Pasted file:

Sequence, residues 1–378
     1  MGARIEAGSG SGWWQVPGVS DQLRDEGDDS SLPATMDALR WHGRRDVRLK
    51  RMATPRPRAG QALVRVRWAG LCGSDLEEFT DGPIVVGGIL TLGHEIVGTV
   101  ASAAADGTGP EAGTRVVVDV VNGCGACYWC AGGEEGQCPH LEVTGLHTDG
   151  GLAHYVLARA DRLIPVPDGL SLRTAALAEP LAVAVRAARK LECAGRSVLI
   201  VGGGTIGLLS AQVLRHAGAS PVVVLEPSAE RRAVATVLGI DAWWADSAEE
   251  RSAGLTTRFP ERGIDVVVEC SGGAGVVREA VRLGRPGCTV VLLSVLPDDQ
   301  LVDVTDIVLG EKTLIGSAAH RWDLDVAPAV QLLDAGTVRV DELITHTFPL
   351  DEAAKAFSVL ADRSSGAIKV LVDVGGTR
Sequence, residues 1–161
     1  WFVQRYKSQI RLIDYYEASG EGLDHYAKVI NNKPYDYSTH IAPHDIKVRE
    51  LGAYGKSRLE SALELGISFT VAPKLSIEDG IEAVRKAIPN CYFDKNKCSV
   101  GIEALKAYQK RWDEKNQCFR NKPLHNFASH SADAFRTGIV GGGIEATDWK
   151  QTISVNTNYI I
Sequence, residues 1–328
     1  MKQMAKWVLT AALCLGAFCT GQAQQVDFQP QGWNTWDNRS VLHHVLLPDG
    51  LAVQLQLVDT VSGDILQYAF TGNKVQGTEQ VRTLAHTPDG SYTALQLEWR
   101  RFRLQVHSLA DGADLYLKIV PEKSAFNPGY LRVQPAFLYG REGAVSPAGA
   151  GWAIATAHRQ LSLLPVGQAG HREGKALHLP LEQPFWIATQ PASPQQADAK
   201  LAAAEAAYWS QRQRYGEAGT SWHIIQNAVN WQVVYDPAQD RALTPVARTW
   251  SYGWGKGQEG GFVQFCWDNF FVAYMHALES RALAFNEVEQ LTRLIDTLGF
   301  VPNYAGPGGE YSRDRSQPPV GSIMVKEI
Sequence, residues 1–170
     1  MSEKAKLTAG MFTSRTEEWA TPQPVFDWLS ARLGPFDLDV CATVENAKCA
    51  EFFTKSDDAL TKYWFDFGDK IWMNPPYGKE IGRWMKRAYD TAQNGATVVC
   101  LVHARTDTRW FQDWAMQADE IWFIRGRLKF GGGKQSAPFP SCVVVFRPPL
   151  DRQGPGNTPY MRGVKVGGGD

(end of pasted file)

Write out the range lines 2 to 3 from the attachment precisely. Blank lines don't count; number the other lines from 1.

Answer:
     1  MGARIEAGSG SGWWQVPGVS DQLRDEGDDS SLPATMDALR WHGRRDVRLK
    51  RMATPRPRAG QALVRVRWAG LCGSDLEEFT DGPIVVGGIL TLGHEIVGTV